Cassia would probably be memorable. One concern are the prices. Most Asian parents - particularly immigrants - would probably freak out at the prices here.
I can’t even bring my parents to Sea Harbour for dinner.
@Ns1 I have to undercut the price by half anytime my parents ask how much I spent on anything I buy them. In their minds, everything is too expensive.
Now what you’re asking…but would he be happier NOT going out? It sounds like this is a subject of ongoing angst. Sometimes I have to remind myself that it’s what THEY want not what I want to do for them that matter. Just a thought.
No, it’s not what I was asking for. When you live a life where you work 60-80 hour weeks and still have to manage the responsibilities of kids, family and a household…maybe I don’t have time to host something at home. So in order to facilitate that, we need a dinner out…but I’m not entirely sure why I have to justify any of that to you. There is no angst unless you can understand what it’s like to have Asian immigrant parents. Just a thought.
here comes the fun/judgment police…
Our parents weren’t Asian, but they were somewhat the same. Also, they would always try to take the bill. My brothers and I figured out a system. Plan the menu ahead of time, figure out what delightful dishes would make our parents happy (despite the “ridiculous cost”), then, at table, have one person say, “We don’t need menus,” and order for everyone.
In the olden days, we had to have one or more of us show up early to figure out the menu and hand over a credit card. Once the Internet was invented, it was all much easier.
@Bookwich You guys are gangsta! Smart idea.
I totally apologize. I was no way suggesting that you cook a meal. As a retiree myself, I would love all the things that were suggested. Just was wondering if maybe he’d like to go bowling or something Just another thought.
I’ve Asian friends who, when they want to take the older generations for meals and know there will be fretting about the cost, claim to have “won” the meal in a raffle - even going so far as to buy gift certificates to pay with. Seems to cut down on the stress level and the elders don’t worry because the meal is “free.” Good food, good company, less worries.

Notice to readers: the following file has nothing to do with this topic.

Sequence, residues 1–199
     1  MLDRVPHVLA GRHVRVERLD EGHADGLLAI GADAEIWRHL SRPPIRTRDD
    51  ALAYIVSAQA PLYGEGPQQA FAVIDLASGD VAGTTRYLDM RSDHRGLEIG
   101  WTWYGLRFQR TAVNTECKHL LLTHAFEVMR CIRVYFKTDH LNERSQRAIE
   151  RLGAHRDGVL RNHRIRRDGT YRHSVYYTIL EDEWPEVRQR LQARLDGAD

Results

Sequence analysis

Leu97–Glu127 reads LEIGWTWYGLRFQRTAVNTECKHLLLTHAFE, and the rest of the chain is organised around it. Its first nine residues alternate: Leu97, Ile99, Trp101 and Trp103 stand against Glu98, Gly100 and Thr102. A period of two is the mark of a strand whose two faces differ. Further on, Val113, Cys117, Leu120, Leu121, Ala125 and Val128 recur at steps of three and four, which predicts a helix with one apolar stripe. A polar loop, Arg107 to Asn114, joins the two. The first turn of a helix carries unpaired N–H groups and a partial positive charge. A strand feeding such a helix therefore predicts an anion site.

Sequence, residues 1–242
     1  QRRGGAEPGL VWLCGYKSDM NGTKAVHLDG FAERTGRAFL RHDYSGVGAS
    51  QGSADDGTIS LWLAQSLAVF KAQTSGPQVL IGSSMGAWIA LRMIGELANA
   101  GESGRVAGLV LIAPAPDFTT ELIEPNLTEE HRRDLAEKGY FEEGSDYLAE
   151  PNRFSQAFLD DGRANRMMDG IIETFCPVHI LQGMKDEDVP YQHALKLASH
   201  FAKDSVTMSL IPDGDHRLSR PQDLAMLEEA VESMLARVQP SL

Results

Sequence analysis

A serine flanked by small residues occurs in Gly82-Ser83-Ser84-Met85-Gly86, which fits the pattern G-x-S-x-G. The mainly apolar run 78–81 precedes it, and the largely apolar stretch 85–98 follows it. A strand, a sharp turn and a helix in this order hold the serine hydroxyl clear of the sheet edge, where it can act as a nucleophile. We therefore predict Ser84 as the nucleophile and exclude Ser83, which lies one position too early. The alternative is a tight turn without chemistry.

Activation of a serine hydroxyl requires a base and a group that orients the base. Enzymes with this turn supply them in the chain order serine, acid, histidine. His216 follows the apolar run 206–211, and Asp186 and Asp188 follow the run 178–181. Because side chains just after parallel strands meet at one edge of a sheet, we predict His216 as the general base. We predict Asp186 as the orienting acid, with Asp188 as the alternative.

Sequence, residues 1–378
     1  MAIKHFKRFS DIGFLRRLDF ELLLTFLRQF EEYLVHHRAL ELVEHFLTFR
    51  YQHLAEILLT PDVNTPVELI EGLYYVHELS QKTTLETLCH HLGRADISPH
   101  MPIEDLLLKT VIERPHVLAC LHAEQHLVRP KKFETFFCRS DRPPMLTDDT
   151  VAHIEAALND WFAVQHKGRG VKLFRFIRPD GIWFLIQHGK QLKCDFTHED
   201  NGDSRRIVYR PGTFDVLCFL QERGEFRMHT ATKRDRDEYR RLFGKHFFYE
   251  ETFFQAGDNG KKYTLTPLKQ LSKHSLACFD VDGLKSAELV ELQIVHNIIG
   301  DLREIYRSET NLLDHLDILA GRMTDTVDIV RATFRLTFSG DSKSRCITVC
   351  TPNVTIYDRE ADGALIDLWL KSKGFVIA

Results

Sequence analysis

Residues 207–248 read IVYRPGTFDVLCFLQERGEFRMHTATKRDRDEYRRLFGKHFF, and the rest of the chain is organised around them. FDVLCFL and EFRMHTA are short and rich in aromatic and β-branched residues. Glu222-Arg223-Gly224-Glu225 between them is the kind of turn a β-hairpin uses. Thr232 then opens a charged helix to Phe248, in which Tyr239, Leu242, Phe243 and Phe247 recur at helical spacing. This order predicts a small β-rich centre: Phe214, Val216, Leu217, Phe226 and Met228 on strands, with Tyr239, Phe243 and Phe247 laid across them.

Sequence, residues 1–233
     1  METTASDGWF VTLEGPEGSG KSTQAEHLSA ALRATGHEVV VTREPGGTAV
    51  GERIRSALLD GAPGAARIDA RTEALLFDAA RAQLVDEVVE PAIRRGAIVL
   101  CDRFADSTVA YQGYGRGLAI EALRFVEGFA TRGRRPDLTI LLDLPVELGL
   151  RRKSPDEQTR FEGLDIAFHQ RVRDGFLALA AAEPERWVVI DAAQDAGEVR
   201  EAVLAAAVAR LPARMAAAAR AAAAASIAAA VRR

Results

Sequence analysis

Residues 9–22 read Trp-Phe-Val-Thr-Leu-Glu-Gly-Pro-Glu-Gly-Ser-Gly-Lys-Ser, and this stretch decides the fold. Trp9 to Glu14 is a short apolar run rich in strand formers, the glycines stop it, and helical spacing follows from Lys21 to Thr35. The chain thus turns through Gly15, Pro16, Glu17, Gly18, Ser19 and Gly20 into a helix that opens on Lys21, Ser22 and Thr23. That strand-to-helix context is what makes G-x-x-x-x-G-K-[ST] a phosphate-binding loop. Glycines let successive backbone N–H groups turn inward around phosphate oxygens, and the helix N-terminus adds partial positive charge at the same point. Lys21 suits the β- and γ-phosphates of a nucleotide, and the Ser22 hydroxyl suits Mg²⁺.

How about Roy’s in Newport Beach? Nice enough for a celebration, and has that Asian flair which your mom would probably like.
I’ve got the Asian parents like yours too (too expensive! I can make this better at home! Let’s go for Chinese food!) but they will go to Roy’s and not complain (but we usually pay the bill before the server brings it to the table!)
When I told my mom (who is from Singapore; we visit fairly often) that Cassia serves a $24 bowl of laksa, I got a 15 minute lecture on how many bowls of laksa I could buy back in Singapore for that amount, and how many bowls of laksa she could make at home with that same amount of money.
Ditto. My mom uber-freaked when she insisted on seeing the final tab for a dinner there.
My wife is from Malaysia and lived in Singapore. She came home and lectured me about not only how rediculous she felt paying for that laksa and how many she could get in Sing $$, but converted over to ringgit! Sheesh - living in SE Asia gets awfully complicated - “you do the math - gladly.” But she did like the laksa albeit a tad too spicy for her now wimpy tolerance for heat.
@ElsieDee That is also gangsta! I like that idea even more.
Apparently some of the elders chortle because of their children’s “luck” - and they truly enjoy the food and order what they want (after ascertaining how much the prize is worth, of course).
@boogiebaby This! This is my Mom exactly. God forbid the one time I told her about the Mendocino Farms pork belly banh mi. I can still recall that rant word for word.
“$12??? I can buy 4 sandwiches and get 2 free for $12!”
Not in Acton. Too soon?
well to be fair $12 could only buy me 3 VN sandwiches in Chatsworth too.